Cranfield Heritage

Three generations of colourmen.

Colour has been in the family’s blood since the late 1920s, when George Craine Snr. (our present MD’s grandfather) started at Johnson & Cumbers. Working in London’s Sugarhouse Lane, a hub for the ink making industry and where the Olympic Village now stands, George Snr. learnt his craft in an age when the artist’s needs always came first.

Art remains close to our heart

As the needs of conventional printers changed and the traditional colour making skills, machinery and methods began to die out, George Craine (Junior), preferring the ‘old ways’ and knowing them to be more suited to artists’ products, set up the Cranfield Group in 1976, using traditional processes to create top quality dry pigment inks.

Cranfield was born. Artists found that there were fewer and fewer artisan colour-makers around. When they realised Cranfield had the knowledge and the machinery to create dry-colour inks they flocked to them. George responded by making sure he understood exactly what these artists needed – and the rest is history.

Heritage Art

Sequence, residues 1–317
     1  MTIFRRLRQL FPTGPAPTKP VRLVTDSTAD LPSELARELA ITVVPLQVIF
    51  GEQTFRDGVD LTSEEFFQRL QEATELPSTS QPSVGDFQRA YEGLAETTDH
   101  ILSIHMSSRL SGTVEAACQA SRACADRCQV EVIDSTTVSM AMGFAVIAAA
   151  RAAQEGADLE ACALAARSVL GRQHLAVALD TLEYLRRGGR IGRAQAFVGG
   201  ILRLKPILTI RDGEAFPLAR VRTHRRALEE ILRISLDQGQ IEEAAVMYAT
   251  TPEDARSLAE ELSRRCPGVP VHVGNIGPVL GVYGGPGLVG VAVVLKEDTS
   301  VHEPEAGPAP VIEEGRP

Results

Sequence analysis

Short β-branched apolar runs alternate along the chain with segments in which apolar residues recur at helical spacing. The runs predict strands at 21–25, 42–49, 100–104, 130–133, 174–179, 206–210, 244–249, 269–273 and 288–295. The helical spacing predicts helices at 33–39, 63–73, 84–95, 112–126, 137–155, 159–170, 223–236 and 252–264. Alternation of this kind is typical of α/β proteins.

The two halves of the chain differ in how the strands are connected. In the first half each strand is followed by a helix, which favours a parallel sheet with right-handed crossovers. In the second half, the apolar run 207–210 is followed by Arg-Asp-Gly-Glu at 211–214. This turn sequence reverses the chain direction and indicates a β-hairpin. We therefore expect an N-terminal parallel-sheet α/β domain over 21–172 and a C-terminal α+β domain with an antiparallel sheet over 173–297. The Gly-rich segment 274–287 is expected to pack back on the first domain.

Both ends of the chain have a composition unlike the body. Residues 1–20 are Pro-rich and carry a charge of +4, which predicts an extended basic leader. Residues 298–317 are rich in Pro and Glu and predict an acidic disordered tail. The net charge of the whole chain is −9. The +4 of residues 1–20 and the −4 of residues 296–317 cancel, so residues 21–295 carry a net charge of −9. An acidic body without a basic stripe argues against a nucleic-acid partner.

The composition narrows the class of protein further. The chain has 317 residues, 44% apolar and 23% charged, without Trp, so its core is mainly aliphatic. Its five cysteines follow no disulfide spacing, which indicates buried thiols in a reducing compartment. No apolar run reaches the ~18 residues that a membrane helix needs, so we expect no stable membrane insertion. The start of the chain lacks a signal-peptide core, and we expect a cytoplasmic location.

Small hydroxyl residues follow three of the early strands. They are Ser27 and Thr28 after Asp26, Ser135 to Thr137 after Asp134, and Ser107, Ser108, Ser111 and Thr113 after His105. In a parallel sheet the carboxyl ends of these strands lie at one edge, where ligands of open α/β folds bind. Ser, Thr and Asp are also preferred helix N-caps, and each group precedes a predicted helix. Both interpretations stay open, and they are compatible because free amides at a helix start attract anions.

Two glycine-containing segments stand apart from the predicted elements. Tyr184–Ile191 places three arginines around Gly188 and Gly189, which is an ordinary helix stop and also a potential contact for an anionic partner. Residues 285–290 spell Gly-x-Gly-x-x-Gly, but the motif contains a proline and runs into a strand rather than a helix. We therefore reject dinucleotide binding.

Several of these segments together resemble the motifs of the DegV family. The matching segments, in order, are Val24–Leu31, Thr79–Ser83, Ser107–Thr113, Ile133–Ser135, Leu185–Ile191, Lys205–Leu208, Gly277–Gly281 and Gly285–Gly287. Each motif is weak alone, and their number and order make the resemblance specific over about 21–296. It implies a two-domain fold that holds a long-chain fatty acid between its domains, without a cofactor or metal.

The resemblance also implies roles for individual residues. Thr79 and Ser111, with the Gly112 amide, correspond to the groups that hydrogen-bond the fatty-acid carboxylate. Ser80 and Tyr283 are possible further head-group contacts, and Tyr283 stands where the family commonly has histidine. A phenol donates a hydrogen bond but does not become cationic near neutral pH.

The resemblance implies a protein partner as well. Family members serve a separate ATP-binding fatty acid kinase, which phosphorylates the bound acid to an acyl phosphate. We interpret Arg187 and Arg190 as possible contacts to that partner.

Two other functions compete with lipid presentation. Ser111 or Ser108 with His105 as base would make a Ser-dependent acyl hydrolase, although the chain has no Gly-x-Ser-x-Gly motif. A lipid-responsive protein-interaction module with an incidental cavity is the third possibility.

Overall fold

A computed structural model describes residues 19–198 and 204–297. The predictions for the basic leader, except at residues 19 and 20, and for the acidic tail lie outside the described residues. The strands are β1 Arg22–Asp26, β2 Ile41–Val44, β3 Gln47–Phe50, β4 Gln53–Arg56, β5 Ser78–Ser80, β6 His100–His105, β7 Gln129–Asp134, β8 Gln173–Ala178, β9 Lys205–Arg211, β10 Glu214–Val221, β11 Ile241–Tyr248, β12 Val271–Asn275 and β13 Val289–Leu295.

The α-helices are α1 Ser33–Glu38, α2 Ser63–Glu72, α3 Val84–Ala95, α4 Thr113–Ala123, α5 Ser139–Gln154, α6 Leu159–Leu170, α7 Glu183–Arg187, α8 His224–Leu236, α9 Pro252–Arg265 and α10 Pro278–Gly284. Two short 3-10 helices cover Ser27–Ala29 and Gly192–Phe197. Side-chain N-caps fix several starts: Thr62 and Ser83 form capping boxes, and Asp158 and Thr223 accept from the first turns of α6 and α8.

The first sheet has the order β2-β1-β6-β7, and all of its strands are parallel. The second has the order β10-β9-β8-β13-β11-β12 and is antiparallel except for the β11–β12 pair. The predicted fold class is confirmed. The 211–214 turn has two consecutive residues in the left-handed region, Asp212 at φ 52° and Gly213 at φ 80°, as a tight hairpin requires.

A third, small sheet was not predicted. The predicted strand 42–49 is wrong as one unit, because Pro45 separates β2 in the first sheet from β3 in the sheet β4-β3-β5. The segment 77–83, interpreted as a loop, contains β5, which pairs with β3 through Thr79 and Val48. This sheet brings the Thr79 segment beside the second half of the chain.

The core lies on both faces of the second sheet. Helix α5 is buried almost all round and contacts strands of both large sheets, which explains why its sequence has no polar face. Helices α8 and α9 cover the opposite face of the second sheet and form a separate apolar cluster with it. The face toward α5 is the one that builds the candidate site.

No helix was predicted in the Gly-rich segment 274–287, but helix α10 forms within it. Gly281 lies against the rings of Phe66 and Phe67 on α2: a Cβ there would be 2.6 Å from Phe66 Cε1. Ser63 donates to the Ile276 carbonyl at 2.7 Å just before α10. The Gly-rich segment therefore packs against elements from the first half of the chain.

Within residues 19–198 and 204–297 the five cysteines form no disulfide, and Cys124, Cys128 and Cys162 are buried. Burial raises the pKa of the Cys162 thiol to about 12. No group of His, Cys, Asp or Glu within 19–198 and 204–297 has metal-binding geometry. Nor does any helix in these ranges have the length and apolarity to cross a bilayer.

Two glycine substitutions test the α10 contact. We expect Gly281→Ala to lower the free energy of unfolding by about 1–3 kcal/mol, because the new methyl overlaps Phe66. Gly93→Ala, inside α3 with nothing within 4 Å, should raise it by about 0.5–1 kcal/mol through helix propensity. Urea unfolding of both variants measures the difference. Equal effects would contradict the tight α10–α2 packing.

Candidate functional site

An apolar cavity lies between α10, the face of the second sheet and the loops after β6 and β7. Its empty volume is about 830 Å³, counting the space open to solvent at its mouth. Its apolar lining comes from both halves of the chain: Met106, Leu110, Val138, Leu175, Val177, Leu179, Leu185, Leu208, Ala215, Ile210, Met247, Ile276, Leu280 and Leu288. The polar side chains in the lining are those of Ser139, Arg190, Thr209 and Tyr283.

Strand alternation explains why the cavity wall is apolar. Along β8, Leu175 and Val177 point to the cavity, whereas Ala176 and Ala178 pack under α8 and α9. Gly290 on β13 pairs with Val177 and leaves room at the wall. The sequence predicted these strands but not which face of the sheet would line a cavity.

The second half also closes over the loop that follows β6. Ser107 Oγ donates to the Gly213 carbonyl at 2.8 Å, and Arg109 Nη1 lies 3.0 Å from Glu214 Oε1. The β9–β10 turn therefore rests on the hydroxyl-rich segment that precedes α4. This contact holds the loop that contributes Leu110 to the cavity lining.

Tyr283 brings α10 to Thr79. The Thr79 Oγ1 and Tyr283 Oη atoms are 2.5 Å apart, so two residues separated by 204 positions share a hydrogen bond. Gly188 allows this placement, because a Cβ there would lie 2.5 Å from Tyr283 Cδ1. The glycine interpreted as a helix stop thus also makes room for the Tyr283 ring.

Colour as it should be

Cranfield has never forgotten its artisan background. The machines and principles we use are the same as our current MD Michael’s grandfather used generations ago – not through simple nostalgia, but because they are the best tools for the job.

Today we combine our extensive know-how of both the artistic and commercial worlds, allowing artists to trust their materials and enjoy exceptional, long-lasting colours.

Adding paint to the mix

In 2009 we finally found a paint maker whose values matched our own – and Spectrum Paints joined the Cranfield family. The Spectrum brand had enjoyed an enviable position in the British art scene of the 1960s and 70s.

Spectracryl Tubes

With its love of hand-made products from traditional raw materials, and a commanding reputation with artists, Spectrum was the perfect addition. We acquired not just rare expertise, but traditional paint-making machinery.

These massive mills had to be craned out of a residential area in Wimbledon, London, clearing Victorian chimney pots with inches to spare. It was an enormous undertaking, but a decision that ensured the continued presence of a beloved brand here in the UK.